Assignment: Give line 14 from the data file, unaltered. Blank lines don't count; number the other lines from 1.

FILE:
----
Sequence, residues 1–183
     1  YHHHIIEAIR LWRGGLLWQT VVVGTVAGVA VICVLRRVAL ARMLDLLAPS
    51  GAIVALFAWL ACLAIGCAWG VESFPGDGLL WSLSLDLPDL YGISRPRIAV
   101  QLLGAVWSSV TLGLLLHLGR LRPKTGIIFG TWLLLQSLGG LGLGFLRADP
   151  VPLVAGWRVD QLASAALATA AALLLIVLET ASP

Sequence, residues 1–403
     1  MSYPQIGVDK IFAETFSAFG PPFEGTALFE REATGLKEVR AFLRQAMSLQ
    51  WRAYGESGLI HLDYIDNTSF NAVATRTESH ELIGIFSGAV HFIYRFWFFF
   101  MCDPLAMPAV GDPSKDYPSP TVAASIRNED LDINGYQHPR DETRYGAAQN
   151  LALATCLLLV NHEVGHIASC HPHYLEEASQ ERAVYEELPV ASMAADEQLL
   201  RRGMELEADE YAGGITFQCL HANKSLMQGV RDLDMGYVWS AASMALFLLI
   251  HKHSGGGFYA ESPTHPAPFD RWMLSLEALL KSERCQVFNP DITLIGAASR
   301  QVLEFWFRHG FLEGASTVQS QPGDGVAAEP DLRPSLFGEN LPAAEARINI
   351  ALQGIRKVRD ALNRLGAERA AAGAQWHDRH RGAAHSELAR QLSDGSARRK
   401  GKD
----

   351  ALQGIRKVRD ALNRLGAERA AAGAQWHDRH RGAAHSELAR QLSDGSARRK